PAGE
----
Fast Retailing, the Japanese clothing group that owns Uniqlo, took down a giant last week.
The company surpassed Spain’s Inditex, which owns Zara, to become the world’s most valuable clothing retailer, Nikkei reported. As of this writing, Fast Retailing’s market capitalization is $ 105.6 billion, surpassing Inditex’s $ 98.2 billion. Other rivals, like H&M, lag far behind. While there are companies with clothing businesses that are more valuable, such as Nike and the French luxury group LVMH, their total sales are heavily dependent on categories other than clothing.
The rise of Fast Retailing has as much to do with your future as it does with your past. By sales, Zara and H&M remain larger, but while their share prices have fluctuated through the global turmoil triggered by Covid-19, Fast Retailing’s shares have risen steadily since April. Uniqlo accounts for the vast majority of the company’s sales, and investors seem optimistic about the brand’s direction. Part of that confidence is due to the growing purchasing power of Asia (paywall).
Although Uniqlo has struggled to expand in the US, it has not had such problems in Asia and China in particular. In 2018, Uniqlo’s sales outside of Japan exceeded sales in its local market for the first time. By August 2020, the end of its most recent fiscal year, Uniqlo had 866 stores (pdf) in Greater China, including Hong Kong and Taiwan, outnumbering its 813 stores in Japan.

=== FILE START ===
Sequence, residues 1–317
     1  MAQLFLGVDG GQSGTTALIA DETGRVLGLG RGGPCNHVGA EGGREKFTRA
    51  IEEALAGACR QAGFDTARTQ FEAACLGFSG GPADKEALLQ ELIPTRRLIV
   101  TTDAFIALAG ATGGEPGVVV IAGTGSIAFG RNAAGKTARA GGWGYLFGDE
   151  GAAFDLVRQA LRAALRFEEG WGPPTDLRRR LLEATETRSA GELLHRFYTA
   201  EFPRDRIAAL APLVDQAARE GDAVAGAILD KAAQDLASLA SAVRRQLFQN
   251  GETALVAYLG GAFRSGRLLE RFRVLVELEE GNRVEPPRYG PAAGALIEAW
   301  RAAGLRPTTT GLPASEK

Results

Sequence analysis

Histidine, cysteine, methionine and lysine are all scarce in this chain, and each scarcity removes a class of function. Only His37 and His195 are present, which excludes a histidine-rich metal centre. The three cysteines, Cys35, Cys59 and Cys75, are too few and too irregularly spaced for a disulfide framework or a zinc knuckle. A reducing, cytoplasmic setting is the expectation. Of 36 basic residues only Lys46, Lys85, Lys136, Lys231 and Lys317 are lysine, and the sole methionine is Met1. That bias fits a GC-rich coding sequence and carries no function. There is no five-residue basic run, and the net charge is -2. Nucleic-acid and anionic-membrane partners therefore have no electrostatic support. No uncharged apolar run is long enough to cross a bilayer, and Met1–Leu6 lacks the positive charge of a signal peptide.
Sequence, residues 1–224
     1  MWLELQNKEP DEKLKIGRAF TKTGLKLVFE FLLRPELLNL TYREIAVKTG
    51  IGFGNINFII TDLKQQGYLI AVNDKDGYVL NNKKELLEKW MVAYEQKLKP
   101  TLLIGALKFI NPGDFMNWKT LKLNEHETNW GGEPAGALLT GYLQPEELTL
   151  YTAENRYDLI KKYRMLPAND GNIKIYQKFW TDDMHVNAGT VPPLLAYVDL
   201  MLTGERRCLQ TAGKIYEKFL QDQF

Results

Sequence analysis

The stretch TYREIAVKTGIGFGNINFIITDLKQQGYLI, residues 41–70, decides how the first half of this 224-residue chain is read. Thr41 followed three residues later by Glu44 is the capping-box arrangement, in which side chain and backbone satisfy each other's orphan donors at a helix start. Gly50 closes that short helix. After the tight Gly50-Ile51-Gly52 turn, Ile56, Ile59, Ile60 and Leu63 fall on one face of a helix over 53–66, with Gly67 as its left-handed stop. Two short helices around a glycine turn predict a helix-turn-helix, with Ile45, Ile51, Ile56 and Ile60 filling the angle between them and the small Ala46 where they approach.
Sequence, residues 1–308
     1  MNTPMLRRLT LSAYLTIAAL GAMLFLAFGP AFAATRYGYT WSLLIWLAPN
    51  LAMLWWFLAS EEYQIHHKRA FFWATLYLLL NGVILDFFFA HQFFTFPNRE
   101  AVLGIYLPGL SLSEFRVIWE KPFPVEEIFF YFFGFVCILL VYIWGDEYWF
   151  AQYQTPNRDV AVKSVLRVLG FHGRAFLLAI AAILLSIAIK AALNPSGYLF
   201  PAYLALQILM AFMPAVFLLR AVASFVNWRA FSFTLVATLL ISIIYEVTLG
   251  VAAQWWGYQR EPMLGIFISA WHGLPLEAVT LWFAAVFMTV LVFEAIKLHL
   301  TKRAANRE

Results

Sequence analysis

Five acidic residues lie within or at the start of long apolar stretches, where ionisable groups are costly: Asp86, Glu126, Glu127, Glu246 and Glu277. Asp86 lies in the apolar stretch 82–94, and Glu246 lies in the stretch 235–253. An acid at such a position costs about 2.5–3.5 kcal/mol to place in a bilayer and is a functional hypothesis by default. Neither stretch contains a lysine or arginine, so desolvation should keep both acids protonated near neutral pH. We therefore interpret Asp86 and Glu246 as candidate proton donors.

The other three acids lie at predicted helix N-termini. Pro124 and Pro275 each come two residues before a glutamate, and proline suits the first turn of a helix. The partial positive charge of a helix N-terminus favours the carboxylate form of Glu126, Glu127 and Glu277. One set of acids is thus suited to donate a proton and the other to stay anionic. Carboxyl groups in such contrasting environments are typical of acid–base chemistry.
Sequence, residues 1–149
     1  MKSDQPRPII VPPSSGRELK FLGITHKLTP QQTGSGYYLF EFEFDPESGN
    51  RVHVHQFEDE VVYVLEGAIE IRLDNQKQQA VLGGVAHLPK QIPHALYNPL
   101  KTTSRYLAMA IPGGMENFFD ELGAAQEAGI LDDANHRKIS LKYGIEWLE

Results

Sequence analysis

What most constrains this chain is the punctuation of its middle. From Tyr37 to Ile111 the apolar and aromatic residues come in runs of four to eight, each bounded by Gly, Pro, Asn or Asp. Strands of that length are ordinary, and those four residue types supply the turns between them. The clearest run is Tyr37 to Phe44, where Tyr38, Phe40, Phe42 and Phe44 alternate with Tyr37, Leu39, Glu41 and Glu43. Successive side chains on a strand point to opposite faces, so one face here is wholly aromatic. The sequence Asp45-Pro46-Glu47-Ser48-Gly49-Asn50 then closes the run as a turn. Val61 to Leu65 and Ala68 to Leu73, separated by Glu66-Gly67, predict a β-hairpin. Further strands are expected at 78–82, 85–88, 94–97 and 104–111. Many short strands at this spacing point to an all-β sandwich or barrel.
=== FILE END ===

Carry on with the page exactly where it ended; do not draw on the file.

Greater China now accounts for approximately 23% (pdf) of Uniqlo’s total sales, and the company is simultaneously building its presence in other Asian markets, including Southeast Asia. It has also started to make inroads in India.
This positioning has given it an advantage over some of its competitors in the pandemic. China, already the world’s largest fashion market, is recovering faster than Europe and the United States, which bodes well for Uniqlo. Zara, by contrast, had more than 60% of its sales in Europe in 2019 (pdf).
Uniqlo also sees a longer-term benefit. The company views China, Southeast Asia, and India as “the world’s economic growth centers,” as it described them in its 2019 annual report (pdf). The middle-income population in Asia, he added, is already large and ready to grow even further.
In October, Tadashi Yanai, founder and CEO of the company, told analysts (pdf) that the world “is witnessing a change from an era dominated by the United States and Europe to an era centered on Asia.” The pandemic will only accelerate change if Asian economies continue to recover faster.
Uniqlo’s presence in Asia is not its only strength. The company’s casual and functional clothing is likely to do better in the coming months than, say, party dresses, as workers around the world remain confined to their homes and collaborations with designers like Jil Sander. they are still popular.
Of course, most of the buyers who buy these items are in countries like Japan and China, and that’s probably what matters most to investors who keep Uniqlo’s value on the rise.